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Worldwide Consecration of Russia and Ukraine to the Immaculate Heart of Mary

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On the day Pope Francis asked for the worldwide consecration of Russia and Ukraine to the Immaculate Heart of Mary, Father John Fisher, OSFS, shared messages of hope and action.

Quoting from Saint Francis de Sales, he said, “Let the world turn upside down. Let everything be in darkness, in smoke, in uproar. God is with us.”

That message, he said, “is the consolation we have to take in such tough times, whether it be in Ukraine, Russia or on our own streets, families or personal lives.”

Photo Gallery: Consecration of Russia, Ukraine in Camden’s Cathedral

Father Fisher, rector of the Cathedral of the Immaculate Conception, Camden, joined Pope Francis, bishops and priests around the world in celebrating Mass on March 25 – the Feast of the Annunciation – and leading the faithful in the Act of Consecration to the Immaculate Heart of Mary. Due to his being out of town for seminary meetings at Dunwoodie in Yonkers, N.Y., Bishop Dennis J. Sullivan entrusted this most important cause to Father Fisher. Bishop Sullivan took part in the consecration with the seminary community. 

“We have ravaged the garden of the earth with war, and by our sins we have broken the heart of our heavenly father, who desires us to be brothers and sisters,” the nearly 100 gathered in Camden’s Cathedral prayed.

Said Father Fisher, “If we see the images and turn on the news feed, we have broken the heart of our heavenly father. Our fiat each day, our fidelity can repair that heart.”  

During his homily, Father Fisher spoke of how the Annunciation – when the Angel Gabriel visited the Virgin Mary to tell her she would be the mother of Jesus – is the beginning of salvation history.

“God is with us,” he said. “We may look sometimes and say, ‘What happened? Where is God with us – the pain in our streets, in those who are struggling, in the violence and how about all the children who have senselessly be taken away in Ukraine. Where is God with us in those moments?’

What may have happened, he said, “is we forgot this feast today. Where some young virgin minding her own business has an angel come to her, proclaims her blessed and doesn’t ask her … ‘Can you do a favor for me? Can you run this errand?’ No, the angel says, ‘Can you be the mother of God?’ And she says … ‘let it be done to me, for I am your handmaid; I am your servant.’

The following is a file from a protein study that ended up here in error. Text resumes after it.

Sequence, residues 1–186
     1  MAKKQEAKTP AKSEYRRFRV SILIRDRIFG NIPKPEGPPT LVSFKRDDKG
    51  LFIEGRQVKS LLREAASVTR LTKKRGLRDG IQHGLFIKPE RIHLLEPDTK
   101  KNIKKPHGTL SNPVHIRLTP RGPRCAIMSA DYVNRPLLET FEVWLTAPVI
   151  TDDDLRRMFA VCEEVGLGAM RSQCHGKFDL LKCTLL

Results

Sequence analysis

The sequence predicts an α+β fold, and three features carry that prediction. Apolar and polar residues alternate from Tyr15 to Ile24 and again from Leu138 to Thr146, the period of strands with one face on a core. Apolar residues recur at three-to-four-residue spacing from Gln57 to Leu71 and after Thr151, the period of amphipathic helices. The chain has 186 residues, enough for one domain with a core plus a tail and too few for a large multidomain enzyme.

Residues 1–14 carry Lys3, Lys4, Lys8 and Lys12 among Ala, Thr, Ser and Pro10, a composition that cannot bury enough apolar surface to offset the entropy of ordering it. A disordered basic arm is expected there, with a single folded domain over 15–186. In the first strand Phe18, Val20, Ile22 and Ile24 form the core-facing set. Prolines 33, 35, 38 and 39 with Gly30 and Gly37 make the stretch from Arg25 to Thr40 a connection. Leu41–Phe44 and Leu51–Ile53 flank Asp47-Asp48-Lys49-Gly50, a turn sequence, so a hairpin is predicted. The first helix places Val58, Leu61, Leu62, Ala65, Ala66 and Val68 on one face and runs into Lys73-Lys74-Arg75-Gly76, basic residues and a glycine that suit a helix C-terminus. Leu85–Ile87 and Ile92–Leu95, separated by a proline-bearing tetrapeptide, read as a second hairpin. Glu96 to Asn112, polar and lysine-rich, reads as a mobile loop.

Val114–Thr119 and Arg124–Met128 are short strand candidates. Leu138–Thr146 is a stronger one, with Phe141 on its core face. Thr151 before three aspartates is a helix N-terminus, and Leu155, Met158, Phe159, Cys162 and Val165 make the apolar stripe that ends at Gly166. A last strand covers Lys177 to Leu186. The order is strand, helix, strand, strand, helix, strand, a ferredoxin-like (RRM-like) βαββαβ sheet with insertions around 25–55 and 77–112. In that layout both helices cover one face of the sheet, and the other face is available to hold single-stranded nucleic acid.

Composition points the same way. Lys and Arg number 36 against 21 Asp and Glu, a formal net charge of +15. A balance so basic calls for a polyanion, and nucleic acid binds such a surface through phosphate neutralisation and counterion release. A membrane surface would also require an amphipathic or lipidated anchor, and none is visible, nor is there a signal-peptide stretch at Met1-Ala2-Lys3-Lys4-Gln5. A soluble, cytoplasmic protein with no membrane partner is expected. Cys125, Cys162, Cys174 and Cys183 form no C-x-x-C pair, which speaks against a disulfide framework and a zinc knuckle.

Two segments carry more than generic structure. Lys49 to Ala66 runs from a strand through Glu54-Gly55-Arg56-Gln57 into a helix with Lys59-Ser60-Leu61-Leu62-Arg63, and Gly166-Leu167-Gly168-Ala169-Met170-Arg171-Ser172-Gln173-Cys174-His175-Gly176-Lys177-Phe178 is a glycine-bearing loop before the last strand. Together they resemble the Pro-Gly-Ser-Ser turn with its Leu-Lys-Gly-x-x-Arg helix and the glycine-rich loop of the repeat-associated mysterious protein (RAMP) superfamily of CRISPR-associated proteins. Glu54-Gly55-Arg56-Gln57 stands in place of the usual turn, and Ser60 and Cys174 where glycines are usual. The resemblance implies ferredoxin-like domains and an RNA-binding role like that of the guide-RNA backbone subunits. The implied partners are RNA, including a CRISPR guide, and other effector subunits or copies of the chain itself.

“Every single day, we have the opportunity to repeat this annunciation – to figure out what it is the Lord wants of us,” Father Fisher continued. “The task never changes. “It’s always to do the will of God for this world.”

Reflecting on the Act of Consecration prayer, Father Fisher said, “Let us be attentive to the words of Pope Francis, and let us get out of the darkness and be light for one another. Let that light shine so much and let that light even shine in the heart of a leader who may change his mind and bring love and healing.”

For Richard Jackson of Saint Peter Parish, Merchantville, hearing about Mary’s “yes” to God was thought-provoking. Jackson converted from the Protestant faith to Catholicism eight years ago.

“‘I’m your handmaiden’ is something I heard about in the Protestant Church but never really understood until now. Hearing readings like the one today is really meaningful,” he said.

Knowing he was part of prayer taking place worldwide, he added, “makes you feel very small but also that you’re part of something much bigger than yourself.”

Fellow Mass-goer Anne Marie Gavin agreed. “This unifies us. If you look at the time zones, there is probably a Mass or consecration going on 24 hours. God has to hear all those prayers. He has to hear the volume.”